Lawmakers in a handful of states are seeking greater protections for election officials amid growing concerns for their safety after they were targeted by threats of violence following the 2020 presidential election.
Widespread threats against those who oversee elections, from secretaries of state to county clerks and even poll workers, soared after former President Donald Trump and his allies spread false claims about the outcome of the presidential election.
The threats and harassment are not limited to prominent figures but also have been directed at lower-level staff at county election offices. Much of the legislation would create or boost penalties for threats against election workers.
In Vermont, as Reuters reports, lawmakers have proposed multiple bills that could make it easier to prosecute those who make threats towards election officials. In Maine, lawmakers have proposed legislation that would make penalties for such threats harsher. In Washington, lawmakers in that state voted to make threats of this kind towards election workers a felony.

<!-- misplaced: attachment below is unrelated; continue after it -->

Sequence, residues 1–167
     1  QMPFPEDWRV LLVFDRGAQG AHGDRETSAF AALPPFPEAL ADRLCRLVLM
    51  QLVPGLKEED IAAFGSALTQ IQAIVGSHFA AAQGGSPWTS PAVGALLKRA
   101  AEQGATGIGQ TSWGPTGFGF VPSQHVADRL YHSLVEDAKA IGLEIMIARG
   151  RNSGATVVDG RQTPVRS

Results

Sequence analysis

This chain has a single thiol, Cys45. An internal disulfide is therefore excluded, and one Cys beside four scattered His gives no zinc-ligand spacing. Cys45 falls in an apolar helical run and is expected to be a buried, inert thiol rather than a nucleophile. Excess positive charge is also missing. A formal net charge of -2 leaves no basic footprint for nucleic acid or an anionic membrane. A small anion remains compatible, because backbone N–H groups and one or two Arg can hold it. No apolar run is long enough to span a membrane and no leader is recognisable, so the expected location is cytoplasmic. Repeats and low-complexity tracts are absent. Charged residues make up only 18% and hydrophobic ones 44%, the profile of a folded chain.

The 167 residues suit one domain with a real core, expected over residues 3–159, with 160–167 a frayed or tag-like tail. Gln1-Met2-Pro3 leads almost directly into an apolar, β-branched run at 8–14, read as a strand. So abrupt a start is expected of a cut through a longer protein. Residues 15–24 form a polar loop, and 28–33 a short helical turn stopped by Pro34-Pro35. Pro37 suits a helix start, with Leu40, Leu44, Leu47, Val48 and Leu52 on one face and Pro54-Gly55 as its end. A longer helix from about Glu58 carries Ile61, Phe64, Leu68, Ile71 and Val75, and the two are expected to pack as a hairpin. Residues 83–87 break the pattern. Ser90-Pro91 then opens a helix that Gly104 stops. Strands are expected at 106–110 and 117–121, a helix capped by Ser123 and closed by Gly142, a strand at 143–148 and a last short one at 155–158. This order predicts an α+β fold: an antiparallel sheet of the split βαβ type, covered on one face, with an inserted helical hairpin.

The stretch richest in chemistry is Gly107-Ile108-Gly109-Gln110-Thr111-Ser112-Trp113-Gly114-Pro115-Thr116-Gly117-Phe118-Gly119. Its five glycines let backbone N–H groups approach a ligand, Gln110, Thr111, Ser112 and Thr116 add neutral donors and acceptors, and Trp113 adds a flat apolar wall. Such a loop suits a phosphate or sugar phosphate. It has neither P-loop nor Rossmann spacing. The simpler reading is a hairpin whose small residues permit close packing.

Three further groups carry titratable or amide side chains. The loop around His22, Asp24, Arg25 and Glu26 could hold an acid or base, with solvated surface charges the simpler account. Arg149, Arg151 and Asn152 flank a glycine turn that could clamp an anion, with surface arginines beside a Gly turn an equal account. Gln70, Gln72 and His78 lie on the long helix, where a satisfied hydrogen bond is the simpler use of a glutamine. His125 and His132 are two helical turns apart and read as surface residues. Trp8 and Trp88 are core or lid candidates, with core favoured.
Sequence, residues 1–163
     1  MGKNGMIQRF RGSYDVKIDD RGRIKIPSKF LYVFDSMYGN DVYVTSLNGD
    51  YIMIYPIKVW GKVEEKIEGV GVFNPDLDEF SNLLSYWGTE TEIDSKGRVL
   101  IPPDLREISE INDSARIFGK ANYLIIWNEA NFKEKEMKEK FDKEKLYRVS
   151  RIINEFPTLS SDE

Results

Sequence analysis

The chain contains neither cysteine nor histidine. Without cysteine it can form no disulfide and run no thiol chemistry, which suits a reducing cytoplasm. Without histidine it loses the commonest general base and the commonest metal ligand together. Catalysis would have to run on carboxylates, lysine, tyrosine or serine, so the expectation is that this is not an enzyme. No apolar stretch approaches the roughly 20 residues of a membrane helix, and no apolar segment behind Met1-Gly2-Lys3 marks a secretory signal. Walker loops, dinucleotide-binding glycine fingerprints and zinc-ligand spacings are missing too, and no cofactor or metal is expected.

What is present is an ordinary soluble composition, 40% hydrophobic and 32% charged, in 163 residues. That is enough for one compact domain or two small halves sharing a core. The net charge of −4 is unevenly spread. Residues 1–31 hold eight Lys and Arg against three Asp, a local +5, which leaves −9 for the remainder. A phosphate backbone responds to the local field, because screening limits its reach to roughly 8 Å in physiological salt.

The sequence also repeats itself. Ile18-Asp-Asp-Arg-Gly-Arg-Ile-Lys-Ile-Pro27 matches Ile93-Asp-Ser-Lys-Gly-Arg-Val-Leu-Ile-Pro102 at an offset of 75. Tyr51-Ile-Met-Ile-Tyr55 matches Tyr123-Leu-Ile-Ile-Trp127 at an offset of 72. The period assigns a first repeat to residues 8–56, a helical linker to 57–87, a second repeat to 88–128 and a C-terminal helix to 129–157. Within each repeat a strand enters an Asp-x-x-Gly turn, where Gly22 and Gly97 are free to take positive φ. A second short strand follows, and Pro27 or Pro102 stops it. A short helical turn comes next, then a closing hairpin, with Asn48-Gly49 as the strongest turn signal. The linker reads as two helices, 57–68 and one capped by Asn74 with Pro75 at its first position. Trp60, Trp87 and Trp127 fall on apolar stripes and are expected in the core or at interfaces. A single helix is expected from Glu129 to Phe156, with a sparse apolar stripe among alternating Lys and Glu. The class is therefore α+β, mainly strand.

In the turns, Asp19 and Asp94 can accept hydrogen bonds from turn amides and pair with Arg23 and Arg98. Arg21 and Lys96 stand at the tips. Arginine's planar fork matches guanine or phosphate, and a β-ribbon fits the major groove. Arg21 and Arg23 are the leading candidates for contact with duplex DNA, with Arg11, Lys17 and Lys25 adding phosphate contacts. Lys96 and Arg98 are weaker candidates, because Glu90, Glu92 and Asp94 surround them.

Reuters documented more than 850 "threats and hostile messages" directed towards U.S. election officials and workers, the outlet reported. More than 100 of those incidents met the federal requirement for criminal prosecution.
Vermont's Democratic Secretary of State Jim Condos told the Associated Press, “Nationally, we are seeing longtime experienced election leaders and their staffs leaving their positions for other work because they’ve had it, this is it, this has crossed the line.”